IT was very gratifying to attend the market over Christmas and the lights were most impressive.

I overheard someone visiting Salisbury Christmas Markets say how wonderful the market square looked and that our traders offered very good value for money.

One hears so much these days about cutting out the middle man, etc, and it is interesting to note that the position was summarily dealt with in Salisbury as long ago as the beginning of the fourteenth century.

By an agreement between the then bishop and the heads of the city, entered into after one of the many quarrels between the city and the church, no one was allowed to occupy stalls in the market without the licence of the bishop’s steward and the bishop’s approval.

Before the cathedral clock had struck the hour of one, no person was allowed to buy or cause to be bought, any fish, flesh or victuals of any kind that might be brought into Salisbury, nor were they to re-sell them that or the following day.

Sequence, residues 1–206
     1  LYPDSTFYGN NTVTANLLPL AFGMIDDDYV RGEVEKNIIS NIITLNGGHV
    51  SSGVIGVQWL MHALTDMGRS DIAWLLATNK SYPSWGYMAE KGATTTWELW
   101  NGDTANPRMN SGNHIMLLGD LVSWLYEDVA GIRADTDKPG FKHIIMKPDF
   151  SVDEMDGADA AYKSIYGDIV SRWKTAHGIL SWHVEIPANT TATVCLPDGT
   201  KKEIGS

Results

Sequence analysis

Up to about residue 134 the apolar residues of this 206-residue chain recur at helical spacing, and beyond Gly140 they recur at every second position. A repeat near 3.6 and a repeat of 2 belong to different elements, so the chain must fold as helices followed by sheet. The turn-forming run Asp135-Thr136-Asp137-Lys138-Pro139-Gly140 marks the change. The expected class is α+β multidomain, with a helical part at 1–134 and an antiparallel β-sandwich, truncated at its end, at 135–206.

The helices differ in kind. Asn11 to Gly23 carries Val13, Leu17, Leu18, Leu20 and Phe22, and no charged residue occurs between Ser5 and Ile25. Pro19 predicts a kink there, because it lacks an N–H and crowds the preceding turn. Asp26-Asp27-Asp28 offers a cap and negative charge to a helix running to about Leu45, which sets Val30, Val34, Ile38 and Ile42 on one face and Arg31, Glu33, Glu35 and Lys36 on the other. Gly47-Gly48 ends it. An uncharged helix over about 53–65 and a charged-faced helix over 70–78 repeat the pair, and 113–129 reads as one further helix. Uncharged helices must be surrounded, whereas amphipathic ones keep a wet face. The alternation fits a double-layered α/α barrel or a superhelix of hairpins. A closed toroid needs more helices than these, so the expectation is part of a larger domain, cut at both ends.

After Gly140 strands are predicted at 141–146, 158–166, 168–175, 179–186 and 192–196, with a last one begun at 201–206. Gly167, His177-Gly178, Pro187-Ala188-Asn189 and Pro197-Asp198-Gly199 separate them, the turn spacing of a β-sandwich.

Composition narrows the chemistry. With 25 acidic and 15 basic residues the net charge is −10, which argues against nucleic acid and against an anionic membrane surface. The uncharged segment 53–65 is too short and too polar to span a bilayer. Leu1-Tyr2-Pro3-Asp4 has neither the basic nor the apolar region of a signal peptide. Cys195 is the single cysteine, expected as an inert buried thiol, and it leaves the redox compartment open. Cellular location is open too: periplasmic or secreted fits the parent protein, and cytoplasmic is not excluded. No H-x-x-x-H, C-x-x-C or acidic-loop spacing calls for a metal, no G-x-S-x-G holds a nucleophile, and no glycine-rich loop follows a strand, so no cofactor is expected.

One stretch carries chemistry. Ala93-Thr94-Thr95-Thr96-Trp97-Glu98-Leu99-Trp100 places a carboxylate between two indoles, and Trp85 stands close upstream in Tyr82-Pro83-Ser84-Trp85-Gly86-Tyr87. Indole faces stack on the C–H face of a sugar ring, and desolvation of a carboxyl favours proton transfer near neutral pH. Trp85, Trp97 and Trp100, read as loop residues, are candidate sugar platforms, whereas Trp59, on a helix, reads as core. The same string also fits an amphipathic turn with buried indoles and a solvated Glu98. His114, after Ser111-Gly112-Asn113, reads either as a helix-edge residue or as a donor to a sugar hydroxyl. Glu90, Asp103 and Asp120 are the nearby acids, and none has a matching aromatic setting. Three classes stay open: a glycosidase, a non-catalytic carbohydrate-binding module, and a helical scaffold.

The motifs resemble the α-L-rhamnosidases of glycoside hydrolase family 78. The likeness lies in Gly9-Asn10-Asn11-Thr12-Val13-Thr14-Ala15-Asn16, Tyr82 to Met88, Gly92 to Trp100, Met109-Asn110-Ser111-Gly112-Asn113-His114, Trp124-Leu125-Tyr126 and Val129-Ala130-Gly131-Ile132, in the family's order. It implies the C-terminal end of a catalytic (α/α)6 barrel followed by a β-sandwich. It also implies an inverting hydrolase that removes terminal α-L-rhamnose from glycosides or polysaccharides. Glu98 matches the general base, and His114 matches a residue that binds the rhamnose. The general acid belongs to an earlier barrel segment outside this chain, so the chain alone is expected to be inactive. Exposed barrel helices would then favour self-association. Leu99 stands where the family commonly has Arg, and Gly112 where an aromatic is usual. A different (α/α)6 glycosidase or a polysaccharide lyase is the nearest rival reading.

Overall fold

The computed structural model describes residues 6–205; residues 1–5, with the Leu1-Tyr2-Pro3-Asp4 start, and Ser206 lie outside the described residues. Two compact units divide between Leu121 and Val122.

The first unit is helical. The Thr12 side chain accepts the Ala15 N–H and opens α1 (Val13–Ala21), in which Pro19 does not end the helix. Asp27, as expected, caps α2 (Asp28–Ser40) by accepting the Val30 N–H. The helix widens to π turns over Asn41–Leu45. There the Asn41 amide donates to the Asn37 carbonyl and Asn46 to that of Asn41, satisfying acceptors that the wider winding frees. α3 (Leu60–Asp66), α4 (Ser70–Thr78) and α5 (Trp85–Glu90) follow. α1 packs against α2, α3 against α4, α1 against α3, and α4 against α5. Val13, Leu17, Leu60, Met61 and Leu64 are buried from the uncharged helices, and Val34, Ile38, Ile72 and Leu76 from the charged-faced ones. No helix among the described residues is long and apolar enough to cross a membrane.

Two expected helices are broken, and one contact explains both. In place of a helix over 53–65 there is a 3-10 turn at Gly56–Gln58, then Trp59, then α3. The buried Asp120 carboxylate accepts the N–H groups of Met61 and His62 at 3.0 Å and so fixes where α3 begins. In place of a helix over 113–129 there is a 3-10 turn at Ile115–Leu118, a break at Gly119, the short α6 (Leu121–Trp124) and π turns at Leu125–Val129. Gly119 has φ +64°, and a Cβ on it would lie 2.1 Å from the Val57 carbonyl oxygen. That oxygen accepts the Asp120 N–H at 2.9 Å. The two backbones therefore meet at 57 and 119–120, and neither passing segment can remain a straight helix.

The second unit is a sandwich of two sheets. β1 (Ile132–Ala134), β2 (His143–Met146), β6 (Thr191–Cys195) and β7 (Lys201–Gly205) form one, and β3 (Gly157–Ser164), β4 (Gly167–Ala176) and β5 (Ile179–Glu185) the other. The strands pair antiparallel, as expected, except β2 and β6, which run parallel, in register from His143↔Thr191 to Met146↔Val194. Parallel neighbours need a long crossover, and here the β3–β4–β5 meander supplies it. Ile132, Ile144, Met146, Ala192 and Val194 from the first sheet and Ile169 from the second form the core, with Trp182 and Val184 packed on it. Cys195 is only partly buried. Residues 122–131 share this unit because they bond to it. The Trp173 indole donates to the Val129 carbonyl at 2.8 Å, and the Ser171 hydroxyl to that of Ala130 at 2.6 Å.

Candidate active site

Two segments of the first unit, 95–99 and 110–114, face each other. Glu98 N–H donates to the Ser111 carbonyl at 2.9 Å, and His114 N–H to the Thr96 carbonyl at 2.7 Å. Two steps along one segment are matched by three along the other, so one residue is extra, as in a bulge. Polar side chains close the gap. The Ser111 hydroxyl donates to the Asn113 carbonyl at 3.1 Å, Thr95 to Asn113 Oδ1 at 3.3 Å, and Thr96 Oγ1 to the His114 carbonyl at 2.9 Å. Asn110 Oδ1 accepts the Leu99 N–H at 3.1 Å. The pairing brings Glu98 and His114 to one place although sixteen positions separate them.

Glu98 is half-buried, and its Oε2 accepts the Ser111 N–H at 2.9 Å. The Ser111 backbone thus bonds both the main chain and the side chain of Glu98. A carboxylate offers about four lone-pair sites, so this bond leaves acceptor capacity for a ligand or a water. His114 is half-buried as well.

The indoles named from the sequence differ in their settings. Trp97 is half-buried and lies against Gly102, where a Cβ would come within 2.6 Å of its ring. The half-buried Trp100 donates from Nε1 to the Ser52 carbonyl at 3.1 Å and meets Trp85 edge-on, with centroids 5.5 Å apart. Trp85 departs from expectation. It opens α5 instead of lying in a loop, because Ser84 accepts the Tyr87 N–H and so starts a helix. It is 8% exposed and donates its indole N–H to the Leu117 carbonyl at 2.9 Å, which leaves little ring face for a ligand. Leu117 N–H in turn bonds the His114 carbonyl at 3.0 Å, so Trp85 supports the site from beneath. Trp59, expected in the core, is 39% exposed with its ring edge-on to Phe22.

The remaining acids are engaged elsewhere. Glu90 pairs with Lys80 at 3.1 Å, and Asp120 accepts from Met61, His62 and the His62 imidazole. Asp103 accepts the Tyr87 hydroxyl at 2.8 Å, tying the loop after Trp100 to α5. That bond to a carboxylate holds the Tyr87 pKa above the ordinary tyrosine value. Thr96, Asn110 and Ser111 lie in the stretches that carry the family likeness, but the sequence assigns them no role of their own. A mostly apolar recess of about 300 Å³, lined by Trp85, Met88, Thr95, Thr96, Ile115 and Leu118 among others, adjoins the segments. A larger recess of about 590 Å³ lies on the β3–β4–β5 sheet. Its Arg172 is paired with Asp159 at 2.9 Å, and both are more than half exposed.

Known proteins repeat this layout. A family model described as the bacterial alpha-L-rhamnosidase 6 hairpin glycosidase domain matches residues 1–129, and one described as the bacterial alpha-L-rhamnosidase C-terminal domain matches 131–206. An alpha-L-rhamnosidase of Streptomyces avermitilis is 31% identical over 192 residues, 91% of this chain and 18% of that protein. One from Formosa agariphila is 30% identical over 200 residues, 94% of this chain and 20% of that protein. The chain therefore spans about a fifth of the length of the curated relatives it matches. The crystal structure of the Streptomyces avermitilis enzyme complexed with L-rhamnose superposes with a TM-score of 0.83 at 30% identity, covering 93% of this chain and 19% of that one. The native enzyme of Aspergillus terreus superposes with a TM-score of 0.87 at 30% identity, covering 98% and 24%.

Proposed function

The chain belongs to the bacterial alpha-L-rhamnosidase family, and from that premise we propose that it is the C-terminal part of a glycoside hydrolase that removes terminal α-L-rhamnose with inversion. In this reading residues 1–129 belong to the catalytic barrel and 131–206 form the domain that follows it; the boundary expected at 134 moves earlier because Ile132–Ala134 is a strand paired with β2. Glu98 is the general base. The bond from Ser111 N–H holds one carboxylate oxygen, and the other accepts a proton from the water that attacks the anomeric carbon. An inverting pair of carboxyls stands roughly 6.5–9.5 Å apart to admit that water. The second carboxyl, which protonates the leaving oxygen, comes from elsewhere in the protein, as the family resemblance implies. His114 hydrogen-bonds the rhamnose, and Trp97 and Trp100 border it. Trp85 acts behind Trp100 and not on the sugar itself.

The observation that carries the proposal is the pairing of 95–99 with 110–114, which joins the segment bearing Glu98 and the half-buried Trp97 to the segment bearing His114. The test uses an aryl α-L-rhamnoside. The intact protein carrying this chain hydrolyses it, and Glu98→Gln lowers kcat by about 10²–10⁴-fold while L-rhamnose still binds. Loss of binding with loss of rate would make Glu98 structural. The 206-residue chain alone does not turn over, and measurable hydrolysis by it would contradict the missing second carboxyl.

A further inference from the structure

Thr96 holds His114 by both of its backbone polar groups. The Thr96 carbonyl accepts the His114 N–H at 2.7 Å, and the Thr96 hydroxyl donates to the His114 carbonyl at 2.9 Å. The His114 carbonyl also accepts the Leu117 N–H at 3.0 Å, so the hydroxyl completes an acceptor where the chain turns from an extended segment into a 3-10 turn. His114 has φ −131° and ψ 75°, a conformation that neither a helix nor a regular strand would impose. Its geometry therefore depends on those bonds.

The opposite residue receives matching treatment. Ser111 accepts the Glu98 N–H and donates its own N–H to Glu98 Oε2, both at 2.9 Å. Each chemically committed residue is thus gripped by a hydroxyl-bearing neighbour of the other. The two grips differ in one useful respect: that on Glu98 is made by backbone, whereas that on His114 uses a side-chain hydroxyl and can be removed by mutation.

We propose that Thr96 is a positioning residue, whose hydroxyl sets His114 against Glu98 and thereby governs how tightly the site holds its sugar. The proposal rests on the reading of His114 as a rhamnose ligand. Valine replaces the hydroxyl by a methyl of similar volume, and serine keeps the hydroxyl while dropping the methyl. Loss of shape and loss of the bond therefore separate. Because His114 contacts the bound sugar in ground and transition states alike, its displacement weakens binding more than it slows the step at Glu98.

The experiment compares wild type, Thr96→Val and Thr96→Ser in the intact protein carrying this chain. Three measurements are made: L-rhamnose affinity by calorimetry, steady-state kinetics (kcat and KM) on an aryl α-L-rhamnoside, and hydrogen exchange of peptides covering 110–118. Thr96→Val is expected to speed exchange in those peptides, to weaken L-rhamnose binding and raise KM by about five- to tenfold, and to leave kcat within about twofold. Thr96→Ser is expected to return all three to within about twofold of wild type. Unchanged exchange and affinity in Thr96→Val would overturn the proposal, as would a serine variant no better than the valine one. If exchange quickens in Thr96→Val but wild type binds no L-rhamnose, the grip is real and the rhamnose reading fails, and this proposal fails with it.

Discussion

Such prohibited purchases were to be forfeited and the buyers themselves heavily fined.

If an offence of this character was committed three times the offender was debarred from the right of purchase for a certain period, and strangers for ever.

Anyone going out into the cross-roads to intercept butchers, fishermen and others to make purchases were to be treated as ‘regrators’ within the city itself.

A ‘regrator’ was a person who bought corn and provisions and sold them again in or near the market, and as this had the effect of raising prices it was made a public offence.

‘Forestalling,’ against which provision was also made in some of the early city charters, was the buying up of merchandise on its way to market with the intention of selling it again at higher prices.